Monday, August 11, 2008

Schauer Introduces Energy Plan in Michigan Senate

While Tim Walberg is staging a protest in Washington, D.C. and waving his energy plan around on television, Democratic challenger and state Senator Mark Schauer introduced a bill in the Michigan Senate to do what he can do to increase energy production and create jobs:
Highlights of Schauer’s “Drill Responsibly-Create New Energy Jobs” include:
  • Demand responsible oil production in currently leased land
  • If no production in five years, land goes back to state to be re-leased
  • Financial penalties for stockpiling land to profit from reserves without producing
  • No new leases unless current ones are used
  • Modernize lease system to make sure taxpayers and consumers benefit from production
  • Switch from the outdated 1/6 royalty system to a 50/50 "working interest" model - as the federal government and other countries are moving toward. Other states like Alaska, Colorado, Texas, Wyoming, Oklahoma, and Louisiana all make more compensation for their taxpayers from production
  • Create fund where additional revenue is used to transition to renewable energy projects and job creation

According to Legislative Service Bureau estimates, there are approximately 4,187 active leases in Michigan on which oil is not being produced, 1,667 pending leases on which oil is not being produced, and only 3,773 that are actually producing oil. This legislation would force companies to make use of the resources they have or allow them to go to companies who will.

As far as I can tell, the text of Schauer's bill isn't online yet. I'll add a link as soon as I can find it. We'll have to wait another day for more in-district media coverage, but the Chicago Tribune gives us this AP article:
LANSING, Mich. - Oil and gas companies would pay Michigan higher royalty fees when leasing government-owned land under a plan by a top Democrat who wants to spend the extra revenue on renewable energy projects.


The "use-it-or-lose-it" approach is needed because oil companies are claiming leases as assets but letting the land sit dormant, said the proposal's sponsor, Democratic state Sen. Mark Schauer of Battle Creek. There are more than 4,000 active leases in Michigan where oil or gas isn't being produced, he said.

"They're making money on Wall Street, but they're not generating oil and not increasing supplies to reduce the cost at the pump," Schauer said.
I don't know enough about the proposal yet to speak intelligently on it. Chris Gautz at the Citizen Patriot seems to think investing the money in environmentally-friendly energy research isn't allowed by the state constitution, but I'm not sure if that's true or not.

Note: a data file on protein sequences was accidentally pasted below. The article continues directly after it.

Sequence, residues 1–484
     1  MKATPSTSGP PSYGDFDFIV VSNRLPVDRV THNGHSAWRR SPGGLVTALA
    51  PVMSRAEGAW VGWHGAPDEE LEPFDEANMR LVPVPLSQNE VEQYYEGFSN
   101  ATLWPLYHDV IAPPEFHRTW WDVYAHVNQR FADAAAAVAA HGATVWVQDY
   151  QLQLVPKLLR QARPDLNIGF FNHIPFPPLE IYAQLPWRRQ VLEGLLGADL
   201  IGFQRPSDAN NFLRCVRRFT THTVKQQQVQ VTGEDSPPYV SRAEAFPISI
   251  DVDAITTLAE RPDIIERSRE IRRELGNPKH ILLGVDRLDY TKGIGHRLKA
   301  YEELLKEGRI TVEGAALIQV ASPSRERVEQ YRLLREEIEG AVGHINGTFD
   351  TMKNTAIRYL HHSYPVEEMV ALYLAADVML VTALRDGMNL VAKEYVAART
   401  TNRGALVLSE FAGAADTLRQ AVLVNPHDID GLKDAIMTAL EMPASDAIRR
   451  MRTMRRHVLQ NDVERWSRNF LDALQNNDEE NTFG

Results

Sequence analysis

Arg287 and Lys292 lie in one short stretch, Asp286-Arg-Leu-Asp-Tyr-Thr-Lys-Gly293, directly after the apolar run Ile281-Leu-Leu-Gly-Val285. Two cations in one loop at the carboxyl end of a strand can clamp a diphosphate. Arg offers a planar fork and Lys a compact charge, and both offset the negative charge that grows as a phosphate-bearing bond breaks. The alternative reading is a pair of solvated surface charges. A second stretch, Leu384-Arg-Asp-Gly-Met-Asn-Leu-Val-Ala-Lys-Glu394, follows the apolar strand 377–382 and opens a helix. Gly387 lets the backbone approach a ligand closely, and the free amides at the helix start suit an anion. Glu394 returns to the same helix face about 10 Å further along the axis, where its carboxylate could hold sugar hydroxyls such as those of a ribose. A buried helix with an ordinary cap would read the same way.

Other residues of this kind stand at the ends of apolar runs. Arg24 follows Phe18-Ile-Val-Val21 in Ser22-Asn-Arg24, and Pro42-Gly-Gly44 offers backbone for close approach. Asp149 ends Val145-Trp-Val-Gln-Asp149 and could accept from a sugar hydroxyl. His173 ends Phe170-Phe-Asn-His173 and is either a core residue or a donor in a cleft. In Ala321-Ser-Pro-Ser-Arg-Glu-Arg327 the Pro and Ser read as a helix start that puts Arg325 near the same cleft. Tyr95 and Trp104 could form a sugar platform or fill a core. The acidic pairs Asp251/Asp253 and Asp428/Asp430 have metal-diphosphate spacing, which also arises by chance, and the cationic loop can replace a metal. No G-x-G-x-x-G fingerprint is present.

Even so, this is a good contrast to the Walberg energy plan, which is a "give everything to the oil companies" plan. It'll be interesting to see the coverage this gets moving forward.

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Hello. I love the blog.

I'm an outdoor rec./environment blogger and I follow park/open space funding pretty closely.

My problem with Schauer's proposal is the way it undercuts the voter-approved dedication of mineral extraction lease funds to the Michigan Natural Resources Trust Fund.

The state general fund has zero money for new parkland acquisition or much for park improvements, so the MNRTF has been just about the only way for communities to improve parks or add greenspace.

In Lenawee County, for example, the funds were used to construct a pedestrian bridge at Tate Park. In the past, funds have been used for projects like the acquisition of the tip of the Keweenaw Peninsula.

Would the size of Michigan's share under Schauer's proposal reduce the number of leases signed and decrease the size of the MNRTF? Would the use of MNRTF monies for "green" energy projects open the fund for future raids? Wouldn't an additional use for these funds ignore a voter-approved constitutional amendment?

Schauer's idea is a good way to differentiate himself from Walberg and his drill-offshore/build-nuke-plants-in-the-7th positions.

And Schauer is better than Walberg on conservation issues in the same way that Mother Theresa is better than Jeffrey Dahmer in feeding the poor.

But I don't think that it would be good public policy.

Here's a post about the subject on my blog:
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